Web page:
Twitter didn't respond to NBC News requests to confirm whether the hashtag had "trended" for other users and appeared in a box that would have promoted it to new users.
When it came to tweets sent in real-time during the debate, popular Tennessee Republican party impostor account @TEN_GOP took charge, sending the majority of the original tweets.
TEN_GOP: "Iran payment wasn't just ransom, it was money laundering. The deal was set up by Hillary when she was sec of state #debate #debatenight"
TEN_GOP: "Donald Trump's ending was perfect! RT if you are also sure that #Trumpwon! #Debate"
Those tweets got thousands of retweets, likes and user comments.The account also directly tweeted compliments to Trump during the debates.
"@realDonaldTrump Can't wait to see you in the WH," tweeted the Russian troll an hour before the debate began. Right as the debated ended, the Russian troll account tweeted to Donald Trump, "We are proud of you!"
Playing all sides
The trolls were organized into three general ideological networks, said Allen, the Neo4j analyst.
Trolls on the "Right" cluster promoted Trump and attacked left-leaning causes and politicians, mainly Clinton.
Trolls in the "Left" cluster generally attacked Trump and his followers, though they didn't express support for Hillary Clinton.
"Black Lives Matter" were pro-black, but not pro-Democrat. Their message was to distrust all authority, especially the police.
During the election, the hyped-up tweets appeared to be just part of the social media noise.
"We saw a lot of questionable accounts and content, but we knew there were underground networks to spread content that would undermine Hillary," said Emmy Bengtson, former deputy social media director for the Clinton campaign. "We just didn’t know who was paying for it."
The banner on the bridge
On November 10th, 2016, two days after the election, an identified Russian troll claimed responsibility for a provocative banner that hung from a bridge that leads to the Pentagon in Washington. The estimated 20 by 25 foot banner of outgoing President Obama read, "Goodbye Murderer."
The troll, who claimed to be a military veteran, said he and fellow "political activists" had hung the banner. The account blamed the president for "numerous bloody wars" and deaths in Libya, Syria, Yemen and Ukraine.
"He doesn’t deserve to be a winner of the Nobel peace prize. His true prize awaits him in the Hague court docks,” tweeted @LeroyLovesUsa, who also tweeted the photos to @realDonaldTrump.
A spokesman for the U.S. Park Police, Sgt. James Dingeldein, confirmed that a park police officer had removed the banner and that it was destroyed this fall. A Freedom of Information request filed with the park police by NBC News wasn't fulfilled before publication.
The Russian troll account appears to have been the first to post the images online. The digital propaganda had suddenly entered the real world.
The photos of the bridge banner were retweeted by other Russian trolls and "Leroy Barton's" tweets got hundreds of likes and retweets. The story spread across social media sites, and the Russian state-owned media organization RT.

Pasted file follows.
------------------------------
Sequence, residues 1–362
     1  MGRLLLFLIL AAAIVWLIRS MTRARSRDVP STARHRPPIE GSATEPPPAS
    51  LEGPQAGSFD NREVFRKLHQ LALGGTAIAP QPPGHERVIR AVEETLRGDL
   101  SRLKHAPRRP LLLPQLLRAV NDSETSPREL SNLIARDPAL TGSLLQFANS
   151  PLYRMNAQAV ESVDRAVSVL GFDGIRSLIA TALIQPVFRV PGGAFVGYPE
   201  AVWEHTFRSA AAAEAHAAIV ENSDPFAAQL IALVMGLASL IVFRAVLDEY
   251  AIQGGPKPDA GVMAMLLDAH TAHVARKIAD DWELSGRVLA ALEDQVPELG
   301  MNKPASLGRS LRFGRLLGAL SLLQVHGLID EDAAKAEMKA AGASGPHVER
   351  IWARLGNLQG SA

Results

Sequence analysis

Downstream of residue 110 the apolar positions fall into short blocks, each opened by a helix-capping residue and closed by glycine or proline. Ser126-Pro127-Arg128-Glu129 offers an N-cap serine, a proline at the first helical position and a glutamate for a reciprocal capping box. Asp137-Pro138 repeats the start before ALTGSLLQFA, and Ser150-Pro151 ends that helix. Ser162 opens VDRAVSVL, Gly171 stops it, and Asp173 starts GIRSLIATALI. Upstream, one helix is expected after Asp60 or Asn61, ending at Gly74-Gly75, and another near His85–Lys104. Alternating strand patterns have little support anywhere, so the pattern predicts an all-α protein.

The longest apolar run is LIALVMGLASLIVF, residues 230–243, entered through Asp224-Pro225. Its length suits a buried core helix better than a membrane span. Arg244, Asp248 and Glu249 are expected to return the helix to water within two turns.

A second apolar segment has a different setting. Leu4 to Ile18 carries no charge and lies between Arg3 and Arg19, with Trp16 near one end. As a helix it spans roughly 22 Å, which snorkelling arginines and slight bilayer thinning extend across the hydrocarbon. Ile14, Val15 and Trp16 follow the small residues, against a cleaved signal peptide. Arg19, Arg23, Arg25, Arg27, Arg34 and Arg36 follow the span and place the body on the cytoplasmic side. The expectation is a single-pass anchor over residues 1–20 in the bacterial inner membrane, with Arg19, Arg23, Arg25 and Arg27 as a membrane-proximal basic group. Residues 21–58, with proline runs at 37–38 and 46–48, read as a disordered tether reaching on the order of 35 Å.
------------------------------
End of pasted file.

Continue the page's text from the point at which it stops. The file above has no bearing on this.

A report by the U.S. intelligence community determined that Putin and the Russian Government who ordered the trolls' influence campaign had developed a "clear preference" for Trump.
In the immediate wake of Trump's victory that the trolls had worked toward, was this brazen banner an unfond farewell to the previous administration?
It's unknown what person or persons hung the banner in our nation's capital, who took the photos, and how they got to the troll.
But there is some precedent. In January 2016, a pro-Kremlin art group called Glavplakat claimed responsibility for hanging a Shepard Fairey-style poster of Obama opposite the U.S. Embassy in Moscow with the word "Killer." The group has hung other banners criticizing opponents of the state around the Russian capital tightly controlled by the Putin regime. No links between the group and the government have been proven.
As the intelligence community wrote, "By their nature, Russian influence campaigns are multifaceted and designed to be deniable because they use a mix of agents of influence, cutouts, front organizations, and false-flag operations."
So far news organizations that have recovered and published about the deleted tweets have only been able to probe a slice of the overall Russian troll accounts suspended by Twitter.
"There's still some part of the iceberg that's under the water," said Allen.
Experts say that the troll activity fits in with a Cold War-era playbook called "active measures," in which the Russians used disinformation and selective reframing to undermine faith in democracy, exploit political divisions, blur fact and fiction, and promote Russian policy agendas abroad.
"They think that for decades they've been on the defensive, and we've been hurtling at them our messages about markets and democracy and liberalism," said Michael McFaul, who was the U.S. ambassador to Russia from 2012 to 2014 in the Obama administration.
"And they're now on the offensive."